When someone says the word “cobweb” you may immediately think of spider webs, old abandoned houses, or that bit of dust just out of reach high up near the ceiling of your living room that you noticed last night while watching television; but one of the definition lines at Dictionary.com describe cobwebs as “confusion, indistinctness, or lack of order.”
It’s time to clear out your mental cobwebs!
Many of the uncompleted projects on your to-do list remain undone because of the cobwebs hanging off of them. You’re confused about what to do next, the end result or benefit of completing the task isn’t clearly distinguishable, or you are too disorganized in your approach to managing the project.
Here are some tips to take a leaf blower to those cobwebs, refocus, reorganize, and get back to business (and cross a few completed items off your list!)
Take a hike
Or a jog or a walk or run. Outside. In the air. I know it’s January and I don’t care how cold it is or about the Artic Blast or Polar Vortex (they sound like new flavors of Mountain Dew) — bundle-up like your mom used to dress you when you were 3-years old and wanted to play in the snow. You actually need the wind to hit you in order to blow those cobwebs off you and off your brain. Taking a break to walk or exercise (any thing that will get you breathing deep and thinking clear) will benefit you.
Write it down
Make a clearly defined list of steps you need to take in order to complete the project. Think of it as a recipe for reaching your end-goal and include every sub-task (along with the amount of time each step should take and any tools/support you’ll require) and then simply follow your own written recipe. You should also write down one or two clear benefits of completing the task in order to remind you why you thought it was important enough to do in the first place. Again, use the recipe approach and include a mouthwatering description of the final outcome. Perhaps even include a photo of how the finished product might manifest; a clear desk for yourself, a big check made out in your name, or just your smiling face because it’s DONE!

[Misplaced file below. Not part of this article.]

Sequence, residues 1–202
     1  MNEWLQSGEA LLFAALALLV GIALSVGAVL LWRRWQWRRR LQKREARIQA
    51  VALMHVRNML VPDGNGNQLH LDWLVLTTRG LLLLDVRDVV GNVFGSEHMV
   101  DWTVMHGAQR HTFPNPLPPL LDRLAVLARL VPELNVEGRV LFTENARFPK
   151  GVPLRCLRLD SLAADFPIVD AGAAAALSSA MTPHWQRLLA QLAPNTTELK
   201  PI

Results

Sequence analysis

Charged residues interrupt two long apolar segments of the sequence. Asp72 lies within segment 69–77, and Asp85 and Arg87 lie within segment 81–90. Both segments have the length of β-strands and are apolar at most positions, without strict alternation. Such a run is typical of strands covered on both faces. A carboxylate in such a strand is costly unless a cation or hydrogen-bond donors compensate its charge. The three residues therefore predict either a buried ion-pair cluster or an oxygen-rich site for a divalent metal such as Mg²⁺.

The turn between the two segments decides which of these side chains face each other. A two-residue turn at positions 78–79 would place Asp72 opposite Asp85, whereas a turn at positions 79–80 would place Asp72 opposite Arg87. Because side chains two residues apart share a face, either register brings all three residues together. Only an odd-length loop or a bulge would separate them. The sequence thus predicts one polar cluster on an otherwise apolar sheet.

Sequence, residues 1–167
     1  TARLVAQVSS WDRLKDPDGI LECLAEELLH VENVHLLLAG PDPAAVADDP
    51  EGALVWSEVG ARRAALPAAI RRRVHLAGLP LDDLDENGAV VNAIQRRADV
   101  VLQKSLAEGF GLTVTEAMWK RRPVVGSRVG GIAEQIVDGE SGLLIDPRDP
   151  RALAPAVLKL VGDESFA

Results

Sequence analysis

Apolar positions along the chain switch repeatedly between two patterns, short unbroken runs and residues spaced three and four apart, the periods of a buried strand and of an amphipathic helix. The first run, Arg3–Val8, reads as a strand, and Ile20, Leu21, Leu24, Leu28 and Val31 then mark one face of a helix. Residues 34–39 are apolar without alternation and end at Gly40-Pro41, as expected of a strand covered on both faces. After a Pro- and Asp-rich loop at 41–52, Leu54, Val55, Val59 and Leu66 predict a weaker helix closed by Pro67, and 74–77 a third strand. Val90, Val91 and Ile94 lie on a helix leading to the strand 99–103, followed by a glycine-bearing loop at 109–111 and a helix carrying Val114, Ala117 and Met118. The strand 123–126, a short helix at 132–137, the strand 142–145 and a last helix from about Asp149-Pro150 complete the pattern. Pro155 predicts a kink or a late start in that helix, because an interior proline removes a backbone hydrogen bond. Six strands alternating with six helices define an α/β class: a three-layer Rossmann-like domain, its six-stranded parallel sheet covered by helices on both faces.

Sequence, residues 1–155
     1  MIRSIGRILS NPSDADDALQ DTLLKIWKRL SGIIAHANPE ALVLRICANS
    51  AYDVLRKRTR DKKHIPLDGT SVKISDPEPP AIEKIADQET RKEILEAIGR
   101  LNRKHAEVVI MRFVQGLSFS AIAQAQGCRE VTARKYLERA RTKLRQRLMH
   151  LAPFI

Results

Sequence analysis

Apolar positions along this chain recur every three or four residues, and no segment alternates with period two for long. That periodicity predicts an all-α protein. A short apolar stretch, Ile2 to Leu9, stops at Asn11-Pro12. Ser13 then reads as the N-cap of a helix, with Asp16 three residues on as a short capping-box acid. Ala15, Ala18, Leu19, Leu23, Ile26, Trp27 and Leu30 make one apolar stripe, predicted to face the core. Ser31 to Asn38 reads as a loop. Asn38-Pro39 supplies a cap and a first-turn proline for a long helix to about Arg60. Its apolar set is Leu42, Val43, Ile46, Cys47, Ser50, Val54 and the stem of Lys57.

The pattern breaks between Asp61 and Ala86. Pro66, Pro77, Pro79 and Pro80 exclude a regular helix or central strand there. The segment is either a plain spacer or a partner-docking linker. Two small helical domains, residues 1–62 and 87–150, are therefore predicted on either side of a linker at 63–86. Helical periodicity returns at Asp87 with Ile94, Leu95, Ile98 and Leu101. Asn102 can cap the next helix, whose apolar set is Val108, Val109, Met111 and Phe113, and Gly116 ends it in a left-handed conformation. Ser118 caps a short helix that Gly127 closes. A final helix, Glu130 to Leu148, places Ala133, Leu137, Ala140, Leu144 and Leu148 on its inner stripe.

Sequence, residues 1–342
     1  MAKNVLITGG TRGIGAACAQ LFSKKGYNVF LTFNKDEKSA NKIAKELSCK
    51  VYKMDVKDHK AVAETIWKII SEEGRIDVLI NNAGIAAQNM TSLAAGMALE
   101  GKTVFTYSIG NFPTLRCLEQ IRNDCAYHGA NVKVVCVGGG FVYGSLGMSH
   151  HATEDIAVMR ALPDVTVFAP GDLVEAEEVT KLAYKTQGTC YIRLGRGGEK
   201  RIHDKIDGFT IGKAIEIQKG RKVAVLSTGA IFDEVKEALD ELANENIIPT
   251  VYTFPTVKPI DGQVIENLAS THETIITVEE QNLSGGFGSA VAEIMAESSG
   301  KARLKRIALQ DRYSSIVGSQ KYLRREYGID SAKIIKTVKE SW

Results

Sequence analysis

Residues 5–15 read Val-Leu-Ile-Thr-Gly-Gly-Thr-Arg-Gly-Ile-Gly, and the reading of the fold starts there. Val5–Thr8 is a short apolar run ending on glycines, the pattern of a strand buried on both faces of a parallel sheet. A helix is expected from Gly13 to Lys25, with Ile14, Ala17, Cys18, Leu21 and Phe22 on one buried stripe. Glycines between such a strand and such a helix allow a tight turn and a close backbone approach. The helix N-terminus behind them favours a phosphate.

Sweep it clean
After you follow the first two steps, you may decide that the project isn’t worth doing. It may have been ill conceived from the start, another solution may have presented itself, or perhaps the opportunity has passed you by. If so, it’s time to brush it away like cobwebs out of a dusty attic. Delete it from your task list and stop thinking about it immediately. It’s been taking up precious space in your mental attic for far too long and making you feel guilty or stressed out (or both). Sweep it out of your mind and move on to a project more worthy of your commitment.